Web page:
The state of South Carolina has secured the drugs necessary to carry out lethal injections – meaning it can resume the execution of condemned inmates under the one method currently prescribed by law and upheld by courts.
The Palmetto State has not carried out an execution in more than a dozen years due to the unavailability of these drugs– and due to recent changes to its capital punishment laws providing for electrocution or death by firing squad are currently tied up in court challenges.
Governor Henry McMaster and S.C. Department of Corrections (SCDC) director Bryan Stirling informed the state supreme court of this development earlier this week, according to a news release (.pdf) from the agency.
“Justice has been delayed for too long in South Carolina,” McMaster said in a statement accompanying the release. “This filing brings our state one step closer to being able to once again carry out the rule of law and bring grieving families and loved ones the closure they are rightfully owed.”
(Click to view)
McMaster is a former prosecutor. He served as U.S. attorney for the state of South Carolina under former president Ronald Reagan and spent two terms as the state’s attorney general from 2003-2011.
Capital punishment in the Palmetto State has been an on-again, off-again proposition for decades. In 1976, a national moratorium on the death penalty was lifted via the U.S. supreme court’s decision in the case of Gregg v. Georgia. Since that time, South Carolina has put 43 convicted killers to death – including the notorious Donald Henry “Pee Wee” Gaskins. Seven of those sentences (including Gaskins’ sentence) were carried out via electrocution. The other thirty-seven were carried out via lethal injection – including the May 6, 2011 execution of 36-year-old Jeffrey Brian Motts.
South Carolina currently has 34 inmates on its “Death Row,” which is located at the Broad River secure facility just north of the state capital in Columbia, S.C.
State law provides for the death penalty in murder cases provided a “statutory aggravating circumstance is found beyond a reasonable doubt.” These aggravating circumstances are specifically enumerated in the S.C. Code of Laws (§ 16-3-20) – and are determined on a case-by-case basis in proceedings which are held separately from the murder trial once a guilty plea or verdict has been entered into the record.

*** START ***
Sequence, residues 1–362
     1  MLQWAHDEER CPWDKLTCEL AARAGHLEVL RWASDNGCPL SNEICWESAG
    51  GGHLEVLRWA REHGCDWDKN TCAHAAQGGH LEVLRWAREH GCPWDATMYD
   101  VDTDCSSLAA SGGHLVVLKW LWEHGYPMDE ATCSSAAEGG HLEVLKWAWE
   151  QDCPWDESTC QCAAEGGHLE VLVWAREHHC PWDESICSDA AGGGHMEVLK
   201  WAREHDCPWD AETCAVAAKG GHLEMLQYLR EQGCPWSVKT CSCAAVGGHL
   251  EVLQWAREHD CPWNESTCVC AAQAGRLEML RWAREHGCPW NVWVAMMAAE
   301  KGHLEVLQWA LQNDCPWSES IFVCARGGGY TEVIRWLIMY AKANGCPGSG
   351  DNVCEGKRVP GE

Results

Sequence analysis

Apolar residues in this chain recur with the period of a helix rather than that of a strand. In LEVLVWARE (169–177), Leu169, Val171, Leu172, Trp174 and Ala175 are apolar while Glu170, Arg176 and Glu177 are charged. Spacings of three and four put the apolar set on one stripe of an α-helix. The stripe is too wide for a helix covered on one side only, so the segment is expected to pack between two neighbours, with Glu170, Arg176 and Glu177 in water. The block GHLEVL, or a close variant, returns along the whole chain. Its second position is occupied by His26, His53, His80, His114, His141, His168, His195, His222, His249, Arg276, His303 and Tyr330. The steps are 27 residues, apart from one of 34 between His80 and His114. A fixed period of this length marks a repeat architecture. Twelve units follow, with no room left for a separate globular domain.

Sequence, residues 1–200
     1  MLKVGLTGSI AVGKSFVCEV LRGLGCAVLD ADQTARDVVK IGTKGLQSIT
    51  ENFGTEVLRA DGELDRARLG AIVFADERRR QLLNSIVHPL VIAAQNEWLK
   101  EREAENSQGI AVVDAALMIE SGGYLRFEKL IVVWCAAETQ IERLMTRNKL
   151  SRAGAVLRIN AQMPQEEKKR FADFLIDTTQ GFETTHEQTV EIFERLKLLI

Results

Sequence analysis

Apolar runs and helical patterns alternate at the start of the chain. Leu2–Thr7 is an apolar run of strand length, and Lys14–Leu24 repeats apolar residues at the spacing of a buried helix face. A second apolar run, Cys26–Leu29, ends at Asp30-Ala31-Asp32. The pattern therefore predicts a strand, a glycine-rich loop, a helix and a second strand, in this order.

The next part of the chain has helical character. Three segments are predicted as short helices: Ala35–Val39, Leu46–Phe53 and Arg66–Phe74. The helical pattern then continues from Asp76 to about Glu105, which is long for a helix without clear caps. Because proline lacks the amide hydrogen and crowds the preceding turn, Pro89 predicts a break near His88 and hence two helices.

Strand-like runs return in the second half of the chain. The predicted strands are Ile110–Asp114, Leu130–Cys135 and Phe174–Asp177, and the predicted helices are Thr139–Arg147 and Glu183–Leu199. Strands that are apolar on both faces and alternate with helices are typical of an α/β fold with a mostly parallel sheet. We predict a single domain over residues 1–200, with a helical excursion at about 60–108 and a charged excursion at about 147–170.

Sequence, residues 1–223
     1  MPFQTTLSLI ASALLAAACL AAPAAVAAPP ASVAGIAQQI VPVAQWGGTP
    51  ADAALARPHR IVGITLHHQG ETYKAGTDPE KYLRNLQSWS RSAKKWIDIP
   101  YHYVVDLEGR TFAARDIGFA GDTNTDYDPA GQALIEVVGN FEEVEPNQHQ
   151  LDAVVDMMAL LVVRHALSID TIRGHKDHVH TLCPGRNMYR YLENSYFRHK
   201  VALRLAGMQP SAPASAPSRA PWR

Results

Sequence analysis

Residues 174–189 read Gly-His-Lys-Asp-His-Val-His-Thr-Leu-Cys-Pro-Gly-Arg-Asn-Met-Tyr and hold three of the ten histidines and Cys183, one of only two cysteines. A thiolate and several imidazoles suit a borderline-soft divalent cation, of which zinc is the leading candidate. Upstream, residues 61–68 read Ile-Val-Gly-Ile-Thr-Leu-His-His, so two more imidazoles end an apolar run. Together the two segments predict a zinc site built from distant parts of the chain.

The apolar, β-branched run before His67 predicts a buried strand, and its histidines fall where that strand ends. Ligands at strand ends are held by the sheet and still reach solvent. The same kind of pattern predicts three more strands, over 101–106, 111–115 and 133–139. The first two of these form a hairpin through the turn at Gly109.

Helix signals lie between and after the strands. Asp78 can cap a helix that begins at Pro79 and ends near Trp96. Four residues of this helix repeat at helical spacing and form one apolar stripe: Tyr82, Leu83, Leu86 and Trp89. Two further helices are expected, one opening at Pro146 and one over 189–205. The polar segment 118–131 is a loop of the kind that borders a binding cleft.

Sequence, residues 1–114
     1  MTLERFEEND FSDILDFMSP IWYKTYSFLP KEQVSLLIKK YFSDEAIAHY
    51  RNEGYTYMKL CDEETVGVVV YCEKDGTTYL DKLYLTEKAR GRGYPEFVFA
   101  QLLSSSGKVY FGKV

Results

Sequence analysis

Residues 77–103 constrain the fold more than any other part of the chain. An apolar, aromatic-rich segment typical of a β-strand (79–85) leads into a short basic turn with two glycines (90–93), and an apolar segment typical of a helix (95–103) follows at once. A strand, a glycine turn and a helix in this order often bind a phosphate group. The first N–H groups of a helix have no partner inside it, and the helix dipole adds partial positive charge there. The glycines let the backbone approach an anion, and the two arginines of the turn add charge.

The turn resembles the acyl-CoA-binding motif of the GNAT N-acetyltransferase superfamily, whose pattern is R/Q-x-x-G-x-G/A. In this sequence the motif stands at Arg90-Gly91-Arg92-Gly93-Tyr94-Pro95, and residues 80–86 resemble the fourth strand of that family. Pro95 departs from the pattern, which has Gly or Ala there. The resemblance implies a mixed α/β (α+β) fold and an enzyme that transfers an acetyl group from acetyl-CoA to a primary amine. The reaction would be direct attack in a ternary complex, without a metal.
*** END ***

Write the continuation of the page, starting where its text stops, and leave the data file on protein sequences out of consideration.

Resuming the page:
If a defendant in a capital case pleads guilty before trial, the sentencing decision falls to a circuit court judge. If a defendant is found guilty by a jury of his or her peers during a public trial, the decision is made by the same trial jury which heard the original case. Like the determination of a defendant’s guilt, any aggravating factors must be proven “beyond a reasonable doubt” for the death penalty to be imposed.
What are those factors?
There are twelve aggravating factors listed under the law – although the first factor encapsulates eleven separate crimes which, if committed alongside murder, would elevate the latter charge to a capital case. Those crimes include criminal sexual conduct, kidnapping, human trafficking, burglary, robbery, larceny, drug trafficking, poisoning, torturing, dismemberment and arson.
The other aggravating factors deal specifically with the defendant, his or her victims, the crime itself and the motive for committing it. For example, “receiving money or a thing of monetary value” via the commission of a murder is considered an aggravating circumstance. So is murdering “a witness or potential witness … for the purpose of impeding or deterring prosecution of any crime.”
The death penalty could also apply in the event “two or more persons were murdered by the defendant by one act or pursuant to one scheme or course of conduct.”
Last year, a pair of scheduled executions were halted after death row inmates successfully challenged the new capital punishment law – which permitted executions by electrocution (or firing squad) in the event lethal injection was unavailable. According to S.C. circuit court judge Jocelyn Newman, these two methods “ignored advances in scientific research and evolving standards of humanity and decency.”